Towards a unified study of multiple stressors: divisions and common goals across research disciplines

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DOI

  • James A. Orr, Trinity College Dublin
  • ,
  • Rolf D. Vinebrooke, University of Alberta
  • ,
  • Michelle C. Jackson, University of Oxford, Oxford
  • ,
  • Kristy J. Kroeker, University of California, Santa Cruz
  • ,
  • Rebecca L. Kordas, Imperial College London
  • ,
  • Chrystal Mantyka-Pringle, Univ Saskatchewan, University of Saskatchewan, Dept Biol, Wildlife Conservation Society Canada
  • ,
  • Paul J. Van den Brink, Wageningen University and Research Centre
  • ,
  • Frederik De Laender, Fac. Notre-Dame de la Paix
  • ,
  • Robby Stoks, Katholieke Universiteit Leuven
  • ,
  • Martin Holmstrup
  • Christoph D. Matthaei, University of Otago
  • ,
  • Wendy A. Monk, University of New Brunswick
  • ,
  • Marcin R. Penk, Trinity College Dublin
  • ,
  • Sebastian Leuzinger, Auckland University of Technology
  • ,
  • Ralf B. Schäfer, University of Koblenz-Landau
  • ,
  • Jeremy J. Piggott, Trinity College Dublin

Anthropogenic environmental changes, or 'stressors', increasingly threaten biodiversity and ecosystem functioning worldwide. Multiple-stressor research is a rapidly expanding field of science that seeks to understand and ultimately predict the interactions between stressors. Reviews and meta-analyses of the primary scientific literature have largely been specific to either freshwater, marine or terrestrial ecology, or ecotoxicology. In this cross-disciplinary study, we review the state of knowledge within and among these disciplines to highlight commonality and division in multiple-stressor research. Our review goes beyond a description of previous research by using quantitative bibliometric analysis to identify the division between disciplines and link previously disconnected research communities. Towards a unified research framework, we discuss the shared goal of increased realism through both ecological and temporal complexity, with the overarching aim of improving predictive power. In a rapidly changing world, advancing our understanding of the cumulative ecological impacts of multiple stressors is critical for biodiversity conservation and ecosystem management. Identifying and overcoming the barriers to interdisciplinary knowledge exchange is necessary in rising to this challenge. Division between ecosystem types and disciplines is largely a human creation. Species and stressors cross these borders and so should the scientists who study them.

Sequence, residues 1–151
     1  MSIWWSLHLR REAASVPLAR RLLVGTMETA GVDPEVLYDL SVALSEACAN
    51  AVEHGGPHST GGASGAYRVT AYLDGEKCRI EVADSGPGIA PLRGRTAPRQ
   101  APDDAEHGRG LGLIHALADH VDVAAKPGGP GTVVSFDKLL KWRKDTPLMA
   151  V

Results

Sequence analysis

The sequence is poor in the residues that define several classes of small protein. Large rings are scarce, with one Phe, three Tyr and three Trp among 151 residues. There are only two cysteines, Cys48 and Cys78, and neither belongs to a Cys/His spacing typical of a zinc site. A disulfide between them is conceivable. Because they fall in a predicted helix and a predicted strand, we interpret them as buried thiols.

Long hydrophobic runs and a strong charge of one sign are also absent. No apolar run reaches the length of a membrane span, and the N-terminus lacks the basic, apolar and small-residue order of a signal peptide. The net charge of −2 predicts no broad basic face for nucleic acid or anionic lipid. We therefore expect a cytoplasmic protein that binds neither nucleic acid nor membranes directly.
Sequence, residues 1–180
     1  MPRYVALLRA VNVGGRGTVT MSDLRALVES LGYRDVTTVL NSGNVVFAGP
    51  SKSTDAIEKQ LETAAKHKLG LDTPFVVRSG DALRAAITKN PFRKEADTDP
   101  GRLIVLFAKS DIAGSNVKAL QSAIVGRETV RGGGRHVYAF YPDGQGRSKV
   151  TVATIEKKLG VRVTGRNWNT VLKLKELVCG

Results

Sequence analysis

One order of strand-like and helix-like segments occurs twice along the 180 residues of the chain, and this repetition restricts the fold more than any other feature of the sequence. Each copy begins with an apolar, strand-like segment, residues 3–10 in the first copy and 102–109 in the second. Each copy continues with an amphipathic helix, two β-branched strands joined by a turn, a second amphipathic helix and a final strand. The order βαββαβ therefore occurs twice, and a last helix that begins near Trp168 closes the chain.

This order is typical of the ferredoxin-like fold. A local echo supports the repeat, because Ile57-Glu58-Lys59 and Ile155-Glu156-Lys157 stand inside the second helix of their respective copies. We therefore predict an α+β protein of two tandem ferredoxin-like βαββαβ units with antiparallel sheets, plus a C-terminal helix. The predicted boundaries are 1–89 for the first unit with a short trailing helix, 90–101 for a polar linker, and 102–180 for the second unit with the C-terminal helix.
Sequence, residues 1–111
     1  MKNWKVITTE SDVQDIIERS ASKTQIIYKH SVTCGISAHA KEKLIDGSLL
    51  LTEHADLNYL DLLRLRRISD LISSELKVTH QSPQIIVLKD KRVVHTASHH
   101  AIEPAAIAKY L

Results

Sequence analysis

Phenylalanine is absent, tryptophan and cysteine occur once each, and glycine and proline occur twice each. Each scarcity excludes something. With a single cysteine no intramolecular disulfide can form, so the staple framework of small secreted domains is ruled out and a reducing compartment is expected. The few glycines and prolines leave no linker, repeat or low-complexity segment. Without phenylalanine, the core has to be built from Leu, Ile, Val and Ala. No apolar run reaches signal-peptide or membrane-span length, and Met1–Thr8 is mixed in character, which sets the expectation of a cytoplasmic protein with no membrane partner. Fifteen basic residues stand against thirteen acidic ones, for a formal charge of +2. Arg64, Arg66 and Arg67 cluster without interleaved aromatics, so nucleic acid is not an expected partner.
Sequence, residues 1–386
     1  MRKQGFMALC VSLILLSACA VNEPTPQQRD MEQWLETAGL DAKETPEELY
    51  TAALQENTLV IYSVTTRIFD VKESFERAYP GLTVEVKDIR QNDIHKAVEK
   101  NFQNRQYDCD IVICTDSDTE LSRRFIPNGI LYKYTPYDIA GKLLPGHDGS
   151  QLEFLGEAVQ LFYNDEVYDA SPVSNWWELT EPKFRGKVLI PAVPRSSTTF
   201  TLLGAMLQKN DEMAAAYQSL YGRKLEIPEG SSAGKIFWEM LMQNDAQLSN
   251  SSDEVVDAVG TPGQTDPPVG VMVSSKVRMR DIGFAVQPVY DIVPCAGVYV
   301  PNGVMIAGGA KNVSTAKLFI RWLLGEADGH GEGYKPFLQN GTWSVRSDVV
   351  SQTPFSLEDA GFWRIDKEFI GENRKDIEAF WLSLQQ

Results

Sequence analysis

Original languageEnglish
JournalRoyal Society of London. Proceedings B. Biological Sciences
Volume287
Issue1926
Number of pages10
ISSN0962-8452
DOIs
Publication statusPublished - 2020

    Research areas

  • antagonism, combined effects, global change factors, multiple drivers, multiple stressors, synergism

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